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Is the pension reform the end of Macron? What you need to know before tomorrow’s protests

Was the use of article 49.3 the equivalent of “why don’t they eat cake instead?”

A week after French Prime minister Élisabeth Borne evoked the use of article 49.3, the largest protest took place last Thursday, March 24th. More than a million people took to the streets nationwide to protest raising the age of retirement in France from 62 to 64.

On March 16, the pension reforms were enacted without a parliamentary vote. By orders of president Macron, Borne invoked article 49.3 of the constitution in the same session the bill was scheduled to be voted on Inside the National Assembly. The opposition MPs on the left booed the announcement and started to sing the national anthem to prevent Borne from speaking, forcing the session to be briefly suspended before the announcement by Borne was made.

Borne cried, "we cannot gamble on the future of our pensions ... The reform is necessary.". Article 49.3 is an article of the French Constitution which allows the government to pass bills without the vote of the National Assembly.

Marine Le Pen member of the national rally announced she would file a no-confidence motion against the government following the invoking of article 49.3, she described the use of Article 49.3 as "a total failure for the government", and that Borne should resign. The no-confidence motion is a statement or vote about whether a person in a position of responsibility like in government or management is still deemed fit to hold that position, such as because they are inadequate in some aspect, fail to carry out their obligations or make decisions that other members feel to be detrimental.


In an unprecedented move, all the national eight unions including transport and energy workers, teachers, dockers and public sector workers (such as museum staff) are in agreement and have been organising national days to protest Macron’s pension reform, last Thursday, 23rd of March, over a million took to the streets to demonstrate nationwide according to the Unions. The protests commenced at Place de la Bastille at 2 pm, marching through the city via Place de la République, and arriving at Place de l'Opéra at 7 pm. The streets of Paris were photographed with what appeared to be a deja vu from the Bastille attack in 1789 with fire Engulfing the burnt rubbish scattered in central zones of the capitol. Bordeaux’s town hall was burnt by people on Thursday night following the protests.

On Friday the 24h of March, French president Emmanuel Macron announced the postponement of the much-anticipated 3-day visit by British King Charles II from the 26 to the 29 of March in fear of disruption by reform protests. The general public took that decision as a win and attacks continued over the weekend. On Saturday, protesters clashed with French police when protesting against the construction of water reservoirs for farmers in western France.

More than 25,000 protesters gathered in the rural town of Sainte-Soline in the Deux-Sèvres department on Saturday to call on the government to stop the construction of water reservoirs for farmers to use for irrigation during the summer months, according to protest organizers.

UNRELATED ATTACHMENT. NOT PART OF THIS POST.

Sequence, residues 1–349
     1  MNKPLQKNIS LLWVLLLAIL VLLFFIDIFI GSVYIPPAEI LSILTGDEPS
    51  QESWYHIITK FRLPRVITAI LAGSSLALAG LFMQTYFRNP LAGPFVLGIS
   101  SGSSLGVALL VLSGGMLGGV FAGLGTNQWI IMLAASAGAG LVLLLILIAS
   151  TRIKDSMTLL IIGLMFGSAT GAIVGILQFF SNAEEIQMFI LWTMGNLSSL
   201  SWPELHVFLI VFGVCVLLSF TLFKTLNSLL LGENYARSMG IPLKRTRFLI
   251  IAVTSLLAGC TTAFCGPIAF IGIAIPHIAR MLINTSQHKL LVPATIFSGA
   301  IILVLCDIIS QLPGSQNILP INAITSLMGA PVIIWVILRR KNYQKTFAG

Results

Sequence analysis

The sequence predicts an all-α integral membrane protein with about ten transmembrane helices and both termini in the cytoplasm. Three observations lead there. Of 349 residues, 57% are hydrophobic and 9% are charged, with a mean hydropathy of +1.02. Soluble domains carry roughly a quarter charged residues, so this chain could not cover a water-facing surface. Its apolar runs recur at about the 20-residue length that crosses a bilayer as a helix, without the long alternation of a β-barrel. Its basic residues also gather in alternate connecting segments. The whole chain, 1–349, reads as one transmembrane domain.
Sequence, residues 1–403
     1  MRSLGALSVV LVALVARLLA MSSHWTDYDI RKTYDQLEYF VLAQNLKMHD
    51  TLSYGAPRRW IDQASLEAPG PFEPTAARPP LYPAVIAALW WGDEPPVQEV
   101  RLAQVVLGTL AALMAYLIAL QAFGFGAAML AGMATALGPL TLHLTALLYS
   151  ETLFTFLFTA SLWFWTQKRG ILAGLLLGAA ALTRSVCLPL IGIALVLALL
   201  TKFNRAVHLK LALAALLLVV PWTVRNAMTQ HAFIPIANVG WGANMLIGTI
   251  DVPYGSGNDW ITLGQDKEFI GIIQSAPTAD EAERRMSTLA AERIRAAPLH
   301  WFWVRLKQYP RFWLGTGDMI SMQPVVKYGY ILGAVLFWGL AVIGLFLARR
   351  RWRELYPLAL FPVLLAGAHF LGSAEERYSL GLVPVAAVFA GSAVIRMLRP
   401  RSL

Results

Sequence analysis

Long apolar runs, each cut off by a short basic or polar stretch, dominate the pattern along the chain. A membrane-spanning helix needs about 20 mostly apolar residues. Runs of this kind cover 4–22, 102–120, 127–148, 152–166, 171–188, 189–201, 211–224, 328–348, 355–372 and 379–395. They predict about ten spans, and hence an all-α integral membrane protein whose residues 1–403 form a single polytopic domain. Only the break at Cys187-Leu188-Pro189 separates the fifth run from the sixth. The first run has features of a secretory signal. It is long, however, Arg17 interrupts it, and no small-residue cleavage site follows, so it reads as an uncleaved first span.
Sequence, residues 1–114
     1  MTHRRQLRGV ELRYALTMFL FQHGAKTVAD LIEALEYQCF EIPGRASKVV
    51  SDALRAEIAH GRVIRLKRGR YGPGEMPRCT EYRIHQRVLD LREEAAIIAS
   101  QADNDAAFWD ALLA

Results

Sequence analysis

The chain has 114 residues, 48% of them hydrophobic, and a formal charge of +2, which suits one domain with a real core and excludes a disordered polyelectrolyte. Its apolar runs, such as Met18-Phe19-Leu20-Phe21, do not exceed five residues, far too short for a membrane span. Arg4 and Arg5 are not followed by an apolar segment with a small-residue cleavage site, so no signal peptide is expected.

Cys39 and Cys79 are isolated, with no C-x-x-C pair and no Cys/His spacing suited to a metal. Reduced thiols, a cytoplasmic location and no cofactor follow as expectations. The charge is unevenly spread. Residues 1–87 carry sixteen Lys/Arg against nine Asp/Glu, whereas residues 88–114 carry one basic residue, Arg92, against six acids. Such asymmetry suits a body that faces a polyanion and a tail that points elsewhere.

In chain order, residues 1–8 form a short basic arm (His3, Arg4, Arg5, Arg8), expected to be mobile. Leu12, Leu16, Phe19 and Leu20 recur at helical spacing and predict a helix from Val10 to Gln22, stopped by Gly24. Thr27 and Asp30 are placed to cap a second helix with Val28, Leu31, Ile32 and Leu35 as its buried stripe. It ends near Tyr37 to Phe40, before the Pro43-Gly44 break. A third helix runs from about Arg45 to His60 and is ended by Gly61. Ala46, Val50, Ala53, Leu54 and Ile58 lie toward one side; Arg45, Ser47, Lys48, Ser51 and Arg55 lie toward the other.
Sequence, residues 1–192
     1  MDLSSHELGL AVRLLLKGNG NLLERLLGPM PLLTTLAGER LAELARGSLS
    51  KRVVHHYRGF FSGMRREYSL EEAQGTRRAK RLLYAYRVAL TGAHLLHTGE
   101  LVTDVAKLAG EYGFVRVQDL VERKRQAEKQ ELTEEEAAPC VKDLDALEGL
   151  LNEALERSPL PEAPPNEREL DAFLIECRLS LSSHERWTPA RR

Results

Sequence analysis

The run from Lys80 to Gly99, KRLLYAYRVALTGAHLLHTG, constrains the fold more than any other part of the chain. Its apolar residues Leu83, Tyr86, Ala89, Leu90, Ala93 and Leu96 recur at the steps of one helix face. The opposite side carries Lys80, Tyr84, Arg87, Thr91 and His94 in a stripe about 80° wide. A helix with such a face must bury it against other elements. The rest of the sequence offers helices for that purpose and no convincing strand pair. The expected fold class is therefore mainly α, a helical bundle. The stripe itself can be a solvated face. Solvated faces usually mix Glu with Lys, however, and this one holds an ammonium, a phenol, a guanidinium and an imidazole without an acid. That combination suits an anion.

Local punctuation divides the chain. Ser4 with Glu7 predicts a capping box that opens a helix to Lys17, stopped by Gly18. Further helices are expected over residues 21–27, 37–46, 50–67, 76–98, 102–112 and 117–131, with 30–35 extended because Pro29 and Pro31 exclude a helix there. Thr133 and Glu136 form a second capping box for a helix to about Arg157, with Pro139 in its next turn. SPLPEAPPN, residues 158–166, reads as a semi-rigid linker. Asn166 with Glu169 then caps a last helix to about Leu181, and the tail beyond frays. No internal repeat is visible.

Tomorrow marks the tenth nationwide demonstration in France orchestrated by the eight National Unions in opposition to the pension reform prosed by the Macron government.

Pension reform has been proposed by all of Macron's predecessors. In the 1980s, the age of retirement was altered from 65 to 60, and the first attempt to reform it was in 1995 by former president Jacques Chirac which was met with public refusal and ultimately scrapped. Former President Nicolas Sarkozy succeed to change the retirement age to 62 after months of nationwide public refusal. Macron first introduced the reform in 2019 which was received by protests nationwide and then he Covid19 shelved the reform and halted the protesting.

The retirement age is proposed to increase by two years to 64. The change will be gradual, increasing by three months per year from September until 2030. To receive a full pension, workers must make an additional year of social security contributions, which means 43 years of work rather than 42 years in order. The Guaranteed minimum pension income of not less than 85 per cent of the net minimum wage, or roughly 1,200 euros per month at current levels, for new retirees. And after year one of retirement, the pensions of those receiving a minimum income will be indexed to inflation.

Yellow Vests movement VS pension reform protests:

The “Yellow Vests” protests started in November 2018 over the prices of fuel and increased taxes disparities in France. It continued until the holiday season then resumed in January 2019. the numbers of protesters were greatly larger from the Union's sources in comparison to the information given by the police. Overall, the largest crowd gathered to demand change was on the 17th of November with an estimated 300 thousand people protesting across the country.

The bill for pension reform was announced in January 2023 and it immediately reawakened the titan of the demonstrations. Despite the general refusal, the Macron administration continued with the plan to draft a law out of the reform bill. On the 16th of March, article 49.3 was evoked to pass the bill without a vote by the National Assembly was the fuel that inspired the protesters to set fire to rubbish and government and legislative buildings.

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Tags: Emmanuel Macron President of France France. pension reform


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